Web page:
• Join over 1.2 million students every month
  • Accelerate your learning by 29%
  • Unlimited access from just £6.99 per month

How the respiratory system is adapted for the purposes of gas exchange

Extracts from this document...

Introduction

The purpose of this essay is to explain how the respiratory system is adapted for the purposes of gas exchange, including the processes by which the diffusion of gases occur and the factors that may affect this. Firstly, there will be an explanation of what respiration and gas exchange are. Then, the essay will look at the respiratory and cardiovascular systems and how they work together for gas exchange. Moving on, there will be an explanation on what happens to inhaled air as it is inspired and prepared for gas exchange in the body. Fick's law of diffusion will be explored, also pressure gradients and the solubility of gases will be described and the factors affecting these. All living cells need a source of energy in order to survive. All cells obtain energy through the process of respiration. Indge B. et al (2000) explains that "Respiration occurs in every cell within the body, generating adenosine triphosphate (ATP), using oxygen and producing carbon dioxide as a waste product" (pg. 73), see figure one. The organelle within cells that is responsible for respiration is the mitochondrion. Gas exchange is the movement of oxygen (O2) and carbon dioxide (CO2) in opposite directions across cell membranes. Gas exchange is achieved by diffusion. This is "the movement of particles (molecules or ions as the case may be) from a region where they are at a comparatively high concentration to a region where they are at a lower concentration" (Roberts M.B.V. ...read more.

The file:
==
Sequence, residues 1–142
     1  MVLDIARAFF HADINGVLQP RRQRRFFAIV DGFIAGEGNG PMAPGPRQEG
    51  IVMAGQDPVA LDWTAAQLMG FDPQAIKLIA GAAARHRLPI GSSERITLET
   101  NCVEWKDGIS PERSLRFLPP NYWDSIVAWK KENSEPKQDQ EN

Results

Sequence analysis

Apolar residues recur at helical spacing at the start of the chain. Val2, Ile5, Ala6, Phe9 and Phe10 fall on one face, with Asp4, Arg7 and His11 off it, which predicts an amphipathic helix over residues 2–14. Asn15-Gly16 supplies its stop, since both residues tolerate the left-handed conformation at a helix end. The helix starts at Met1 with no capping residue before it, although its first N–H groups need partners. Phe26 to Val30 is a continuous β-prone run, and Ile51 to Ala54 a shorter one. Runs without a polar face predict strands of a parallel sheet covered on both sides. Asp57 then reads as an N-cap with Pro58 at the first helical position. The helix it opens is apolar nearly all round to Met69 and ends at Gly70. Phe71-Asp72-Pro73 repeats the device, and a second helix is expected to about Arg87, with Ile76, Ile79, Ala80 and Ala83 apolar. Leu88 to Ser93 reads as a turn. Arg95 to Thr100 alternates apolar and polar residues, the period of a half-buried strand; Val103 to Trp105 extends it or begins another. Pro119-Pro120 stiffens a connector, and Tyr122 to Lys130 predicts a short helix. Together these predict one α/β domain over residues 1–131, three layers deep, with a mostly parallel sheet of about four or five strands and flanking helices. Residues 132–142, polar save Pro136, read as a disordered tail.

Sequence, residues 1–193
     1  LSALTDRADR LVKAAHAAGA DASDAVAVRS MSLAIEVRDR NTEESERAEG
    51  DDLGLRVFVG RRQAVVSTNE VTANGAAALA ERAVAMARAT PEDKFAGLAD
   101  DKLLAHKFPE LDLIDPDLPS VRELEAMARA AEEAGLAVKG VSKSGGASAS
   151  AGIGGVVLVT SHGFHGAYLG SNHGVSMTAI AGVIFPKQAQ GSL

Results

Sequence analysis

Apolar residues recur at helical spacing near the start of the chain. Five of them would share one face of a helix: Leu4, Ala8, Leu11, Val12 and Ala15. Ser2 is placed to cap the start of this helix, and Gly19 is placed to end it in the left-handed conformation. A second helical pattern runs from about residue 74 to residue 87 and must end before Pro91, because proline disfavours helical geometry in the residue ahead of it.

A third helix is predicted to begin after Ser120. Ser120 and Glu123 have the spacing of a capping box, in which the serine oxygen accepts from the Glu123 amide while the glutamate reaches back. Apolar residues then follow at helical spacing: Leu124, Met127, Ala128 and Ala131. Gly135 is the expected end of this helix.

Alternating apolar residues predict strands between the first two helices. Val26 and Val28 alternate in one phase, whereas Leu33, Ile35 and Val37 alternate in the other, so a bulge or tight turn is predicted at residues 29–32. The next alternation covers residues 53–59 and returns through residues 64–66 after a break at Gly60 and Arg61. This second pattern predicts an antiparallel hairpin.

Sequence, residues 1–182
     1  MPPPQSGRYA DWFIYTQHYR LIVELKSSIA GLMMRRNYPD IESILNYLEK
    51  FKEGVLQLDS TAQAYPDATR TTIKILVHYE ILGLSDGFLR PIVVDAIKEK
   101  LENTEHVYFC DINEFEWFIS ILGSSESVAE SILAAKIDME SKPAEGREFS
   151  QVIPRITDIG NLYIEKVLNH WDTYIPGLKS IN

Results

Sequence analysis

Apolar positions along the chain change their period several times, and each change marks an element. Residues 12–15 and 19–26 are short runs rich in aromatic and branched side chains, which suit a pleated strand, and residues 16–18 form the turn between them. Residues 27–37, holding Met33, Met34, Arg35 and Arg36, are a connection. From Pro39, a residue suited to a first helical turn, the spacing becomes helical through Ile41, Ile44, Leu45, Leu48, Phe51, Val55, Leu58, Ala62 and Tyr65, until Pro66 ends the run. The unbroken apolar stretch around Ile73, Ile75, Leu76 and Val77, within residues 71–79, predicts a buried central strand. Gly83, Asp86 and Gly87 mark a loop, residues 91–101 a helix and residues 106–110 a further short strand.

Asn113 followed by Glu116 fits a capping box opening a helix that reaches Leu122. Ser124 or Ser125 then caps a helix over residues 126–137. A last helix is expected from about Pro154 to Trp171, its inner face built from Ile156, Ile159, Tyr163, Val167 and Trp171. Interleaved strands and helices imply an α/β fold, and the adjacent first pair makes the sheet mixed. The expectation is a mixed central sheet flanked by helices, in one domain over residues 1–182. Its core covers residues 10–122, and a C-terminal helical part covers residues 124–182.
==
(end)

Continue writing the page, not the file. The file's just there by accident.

Middle